The KraneShares CSI China Internet ETF seeks to track the CSI Overseas China Internet Index. This fund focuses on tech and consumer discretionary stocks related to China's internet presence, providing major exposure to tech, internet, and e-commerce players like Baidu, Alibaba, JD.com, and Tencent. KWEB is extremely popular because these are the precise industries driving major growth for the Chinese stock market, so these are the exact stocks investors are usually seeking. The fund has 49 holdings and an expense ratio of 0.76%.
ASHR – Xtrackers Harvest CSI 300 China A-Shares ETF
The Xtrackers Harvest CSI 300 China A-Shares ETF tracks the CSI 300 Index, an index of the 300 largest Chinese stocks traded on the Shanghai and Shenzhen exchanges. The fund holds the highly-sought-after China A-shares, which U.S. investors have historically been prevented from accessing. Note that this fund naturally tilts heavily to Financials. It has an expense ratio of 0.65%.
CXSE – WisdomTree China ex-State-Owned Enterprises Fund
The WisdomTree China ex-State-Owned Enterprises Fund is a clever ETF that is broadly exposed to China but selectively excludes state-owned enterprises, defined as government ownership of greater than 20%. The theory is that government ownership can negatively impact the operational efficiency of a company, as operations at least partially serve government interests.
The data seems to agree. CXSE has outperformed its broader benchmark historically, as well as the other funds on this list, and has had higher Return on Equity as a measure of quality. Conveniently, this fund also happens to be the cheapest on the list with an expense ratio of 0.32%.
I explored why one might want to avoid state-owned enterprises here.
Where to Buy These China ETFs
All these China ETFs should be available at any major broker. My choice is M1 Finance. The online broker has zero transaction fees and zero account fees, and offers fractional shares, dynamic rebalancing, and a modern, user-friendly interface and mobile app. I wrote a comprehensive review of M1 Finance here.
* The Real Value of China's Stock Market – Carpenter, Lu, Whitelaw – http://people.stern.nyu.edu/jcarpen0/pdfs/Carpenter%20Lu%20Whitelaw%20-%20The%20Real%20Value%20of%20China%27s%20Stock%20Market.pdf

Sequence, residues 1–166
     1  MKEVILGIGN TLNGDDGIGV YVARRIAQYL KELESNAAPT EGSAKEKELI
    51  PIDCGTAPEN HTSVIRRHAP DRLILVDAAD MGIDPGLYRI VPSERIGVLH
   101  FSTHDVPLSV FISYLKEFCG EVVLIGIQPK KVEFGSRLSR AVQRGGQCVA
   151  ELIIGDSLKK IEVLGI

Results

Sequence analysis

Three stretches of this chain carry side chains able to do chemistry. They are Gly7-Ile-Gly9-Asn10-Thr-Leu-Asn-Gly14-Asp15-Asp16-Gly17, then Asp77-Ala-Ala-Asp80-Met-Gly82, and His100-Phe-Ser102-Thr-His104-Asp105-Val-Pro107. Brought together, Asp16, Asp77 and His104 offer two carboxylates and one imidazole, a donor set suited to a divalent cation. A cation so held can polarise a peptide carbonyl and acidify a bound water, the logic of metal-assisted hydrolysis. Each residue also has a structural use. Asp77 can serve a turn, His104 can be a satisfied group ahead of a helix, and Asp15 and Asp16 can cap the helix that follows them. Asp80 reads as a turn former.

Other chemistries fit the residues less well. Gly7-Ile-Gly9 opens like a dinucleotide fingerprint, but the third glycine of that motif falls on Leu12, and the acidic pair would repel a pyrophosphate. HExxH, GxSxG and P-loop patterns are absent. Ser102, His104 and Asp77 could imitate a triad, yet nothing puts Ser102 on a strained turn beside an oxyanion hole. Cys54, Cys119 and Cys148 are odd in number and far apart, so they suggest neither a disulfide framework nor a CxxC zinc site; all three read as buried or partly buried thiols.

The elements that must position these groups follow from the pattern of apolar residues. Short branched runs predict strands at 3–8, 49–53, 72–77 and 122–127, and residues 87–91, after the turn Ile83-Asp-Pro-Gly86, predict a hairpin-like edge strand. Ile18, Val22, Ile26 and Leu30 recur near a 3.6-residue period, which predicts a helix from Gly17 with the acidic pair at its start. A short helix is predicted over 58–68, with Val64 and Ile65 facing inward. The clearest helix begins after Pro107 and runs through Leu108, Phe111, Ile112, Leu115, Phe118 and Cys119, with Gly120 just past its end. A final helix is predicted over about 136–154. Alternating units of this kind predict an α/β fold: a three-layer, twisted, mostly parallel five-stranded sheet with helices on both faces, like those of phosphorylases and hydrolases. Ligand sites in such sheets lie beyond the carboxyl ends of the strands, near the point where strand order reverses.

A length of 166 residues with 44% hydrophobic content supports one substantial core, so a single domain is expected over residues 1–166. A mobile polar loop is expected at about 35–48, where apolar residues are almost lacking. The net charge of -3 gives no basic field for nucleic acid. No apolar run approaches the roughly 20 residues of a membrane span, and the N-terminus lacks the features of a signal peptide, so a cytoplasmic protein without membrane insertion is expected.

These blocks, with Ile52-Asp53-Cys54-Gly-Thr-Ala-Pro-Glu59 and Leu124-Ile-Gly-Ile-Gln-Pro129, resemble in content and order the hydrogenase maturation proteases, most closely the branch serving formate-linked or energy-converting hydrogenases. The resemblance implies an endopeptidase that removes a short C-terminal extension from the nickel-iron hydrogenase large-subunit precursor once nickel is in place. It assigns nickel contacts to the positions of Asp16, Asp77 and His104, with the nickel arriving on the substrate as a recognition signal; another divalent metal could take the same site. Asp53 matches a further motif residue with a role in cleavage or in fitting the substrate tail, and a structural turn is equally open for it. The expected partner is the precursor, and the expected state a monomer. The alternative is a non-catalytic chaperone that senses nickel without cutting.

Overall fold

Disclaimer: While I love diving into investing-related data and playing around with backtests, this is not financial advice, investing advice, or tax advice. The information on this website is for informational, educational, and entertainment purposes only. Investment products discussed (ETFs, mutual funds, etc.) are for illustrative purposes only. It is not a recommendation to buy, sell, or otherwise transact in any of the products mentioned. I always attempt to ensure the accuracy of information presented but that accuracy cannot be guaranteed. Do your own due diligence. I mention M1 Finance a lot around here. M1 does not provide investment advice, and this is not an offer or solicitation of an offer, or advice to buy or sell any security, and you are encouraged to consult your personal investment, legal, and tax advisors. All examples above are hypothetical, do not reflect any specific investments, are for informational purposes only, and should not be considered an offer to buy or sell any products. All investing involves risk, including the risk of losing the money you invest. Past performance does not guarantee future results. Opinions are my own and do not represent those of other parties mentioned. Read my lengthier disclaimer here.